CDs are dead: Long live music

March 18, 2018

Amid all the talk of music streaming and the renaissance of vinyl, plummeting CD sales haven’t been getting a lot of media attention. 

 

According to the Recording Industry Association of America CD album sales in the United States have dropped by 90 percent since their hay-day in 2000 and are at their lowest level since 1987 – back when Michael Jackson's Bad and the Dirty Dancing soundtrack topped the Billboard charts.

Having been hit by the rise of MP3s in the early 2000s, CD sales nearly halved between 2000 and 2007, when smartphones and the first music streaming services emerged to put the final nail in the compact disc’s coffin.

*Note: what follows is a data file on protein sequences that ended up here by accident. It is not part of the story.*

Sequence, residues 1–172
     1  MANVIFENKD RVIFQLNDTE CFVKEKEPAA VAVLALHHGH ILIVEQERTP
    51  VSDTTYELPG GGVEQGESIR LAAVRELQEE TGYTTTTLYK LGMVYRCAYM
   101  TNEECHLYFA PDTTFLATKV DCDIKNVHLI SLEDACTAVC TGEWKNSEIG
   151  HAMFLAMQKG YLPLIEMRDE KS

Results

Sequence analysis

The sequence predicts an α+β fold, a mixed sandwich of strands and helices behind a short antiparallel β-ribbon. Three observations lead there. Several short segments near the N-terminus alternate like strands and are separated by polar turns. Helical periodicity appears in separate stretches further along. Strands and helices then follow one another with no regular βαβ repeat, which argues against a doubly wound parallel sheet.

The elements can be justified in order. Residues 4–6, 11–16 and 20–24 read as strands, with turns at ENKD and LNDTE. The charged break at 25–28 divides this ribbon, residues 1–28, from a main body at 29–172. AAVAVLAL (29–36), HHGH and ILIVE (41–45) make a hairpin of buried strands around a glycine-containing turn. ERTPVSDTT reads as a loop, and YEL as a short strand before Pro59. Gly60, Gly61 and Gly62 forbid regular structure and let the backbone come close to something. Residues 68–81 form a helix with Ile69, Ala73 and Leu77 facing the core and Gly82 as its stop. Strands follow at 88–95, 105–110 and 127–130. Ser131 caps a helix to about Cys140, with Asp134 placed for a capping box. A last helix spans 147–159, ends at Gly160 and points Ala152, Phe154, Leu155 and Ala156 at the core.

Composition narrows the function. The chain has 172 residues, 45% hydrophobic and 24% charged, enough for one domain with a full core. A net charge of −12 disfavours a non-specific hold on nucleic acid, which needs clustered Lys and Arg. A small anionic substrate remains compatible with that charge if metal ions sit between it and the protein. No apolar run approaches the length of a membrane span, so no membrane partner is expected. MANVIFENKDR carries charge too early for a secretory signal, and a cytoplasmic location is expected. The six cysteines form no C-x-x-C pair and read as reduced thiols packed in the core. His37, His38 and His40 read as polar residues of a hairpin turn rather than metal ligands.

According to a recent Bloomberg report, U.S. retail giant Best Buy has informed its suppliers that it will no longer sell CDs starting 1 July, signalling the inevitable demise of the compact disc.

 

So what does that really signal for the music industry?

This is no harbinger of doom for an industry we simply can’t get enough of. According to the International Federation of Phonographic Industry’s Global Music Report 2017, the music industry has seen its highest revenue growth in decades climbing 5.9% worth $15.7 billion (USD) with digital sales, which passed physical format music in 2015, up 17.7%.

Dance on New Zealand.

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